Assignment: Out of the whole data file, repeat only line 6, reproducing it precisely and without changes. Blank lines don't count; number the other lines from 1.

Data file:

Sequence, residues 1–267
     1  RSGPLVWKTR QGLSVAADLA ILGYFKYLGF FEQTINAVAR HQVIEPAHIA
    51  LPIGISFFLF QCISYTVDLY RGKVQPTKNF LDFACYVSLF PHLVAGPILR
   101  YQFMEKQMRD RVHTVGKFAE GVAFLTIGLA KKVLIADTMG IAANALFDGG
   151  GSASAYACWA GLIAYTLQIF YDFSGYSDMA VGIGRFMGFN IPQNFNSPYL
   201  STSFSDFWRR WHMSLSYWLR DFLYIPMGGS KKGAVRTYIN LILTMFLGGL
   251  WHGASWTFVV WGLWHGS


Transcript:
   201  STSFSDFWRR WHMSLSYWLR DFLYIPMGGS KKGAVRTYIN LILTMFLGGL